12 January 2010

Hey! Look At ME! (Part 3 or 4)

At The Guardian today is an article and accompanying slide show in which Sean O'Hagan comments on the opening in London of a new exhibition of work by Elinor Carucci. O'Hagan worries that Carucci's work is too focused on her children and that that might be exploitative. Ultimately, he concludes that the work is "responsible." Actually, I think this hand-wringing is pretty wide of the mark. The problem with Carucci's work, as I have said here regularly [1] [2] [3], is that it is so self-absorbed as to be wholly uninteresting. What O'Hagan misses is that the subject of each of Carucci's images is the photographer herself. This is true even where she herself doesn't appear in the photograph. In short, she treats her children (and parents and husband) as accessories to her own narcissism. As if to punctuate this interpretation, here is the final sentence of The Guardian review: "And, as Carucci acknowledged on Woman's Hour, the really intriguing question here is not just what the children will think of the work when they grow up, but what they will think of their mother." That is why Carucci's work is objectionable.

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Blogger Stan B. said...

Really got it in (out?) for her, don't ya, Jim? Hey, look at the bright side- at least she allows other human beings into her photos, unlike say... Cindy.

13 January, 2010 13:32  
Blogger ninthplanet said...

I can appreciate what you're saying. At the same time, people do not necessarily make pictures to express their personal virtue. Whether intended or not, narcissism may be as worthy a subject as the next one; it does not make Carucci's work objectionable in itself, in my opinion.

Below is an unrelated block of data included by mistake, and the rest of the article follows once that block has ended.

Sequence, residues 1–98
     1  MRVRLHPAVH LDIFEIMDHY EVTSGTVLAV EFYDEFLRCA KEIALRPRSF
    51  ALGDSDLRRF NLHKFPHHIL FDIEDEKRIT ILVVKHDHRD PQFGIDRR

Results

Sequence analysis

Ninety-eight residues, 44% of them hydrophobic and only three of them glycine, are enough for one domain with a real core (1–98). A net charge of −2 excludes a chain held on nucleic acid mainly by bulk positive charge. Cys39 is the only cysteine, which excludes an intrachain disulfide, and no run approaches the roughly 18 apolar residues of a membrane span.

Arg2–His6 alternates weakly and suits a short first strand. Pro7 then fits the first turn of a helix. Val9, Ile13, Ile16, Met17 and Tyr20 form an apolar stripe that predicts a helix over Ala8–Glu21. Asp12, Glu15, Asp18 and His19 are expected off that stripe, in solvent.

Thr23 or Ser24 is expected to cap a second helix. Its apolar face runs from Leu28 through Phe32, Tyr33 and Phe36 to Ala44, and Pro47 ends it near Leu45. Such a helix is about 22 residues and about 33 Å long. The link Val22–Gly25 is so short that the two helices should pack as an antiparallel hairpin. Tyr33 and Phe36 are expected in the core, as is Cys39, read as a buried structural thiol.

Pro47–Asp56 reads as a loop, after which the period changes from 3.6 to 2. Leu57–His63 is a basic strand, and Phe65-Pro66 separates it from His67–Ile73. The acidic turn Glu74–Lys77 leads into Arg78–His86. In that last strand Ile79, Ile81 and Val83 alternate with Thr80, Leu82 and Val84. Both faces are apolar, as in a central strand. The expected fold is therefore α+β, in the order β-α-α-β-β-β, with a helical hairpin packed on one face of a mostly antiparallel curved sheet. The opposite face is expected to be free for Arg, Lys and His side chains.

And the debate about them being "responsible" or not is asinine and completely missing the point. Photography may be, but should not be reduced to being, the arbiter of personal or public morality; it can serve other considerations.

I agree with you in that I find the pictures uninteresting. Their extremely aestheticised quality has "gallery" written all over them, and they are curiously numb for it. The messiness of personal relationships that Nan Goldin managed to communicate in her pictures--narcissistic or not--is completely absent in this sanitised version of family intimacy.

13 January, 2010 15:13  
Blogger Jim Johnson said...

Stan - Happy New Year! I hear you on Cindy. And I am not really out to get Carucci - just talking back a bit while everyone seems to be falling over themselves to hype her work. It is simply banal. I always flinch when people squander talent.

N~ I suppose it would be ironic if Carucci could self-consciously document her own narcissism! That would be a worthy undertaking and it'd display the tiniest smidge of sanity. My problem is that she is simply playing out her self-absorption. Why waste gallery space on that. She and her life and her foibles are simply boring.

13 January, 2010 20:50  
Blogger Dawei_in_Beijing said...

I'm glad to see not everyone is drinking the Kool-Aid. I agree with your assessment 100%, Jim. Her work is narcissistic, snooty, and elitist. Bad vibes all around.

Happy New Year, by the way!!!

14 January, 2010 22:03  

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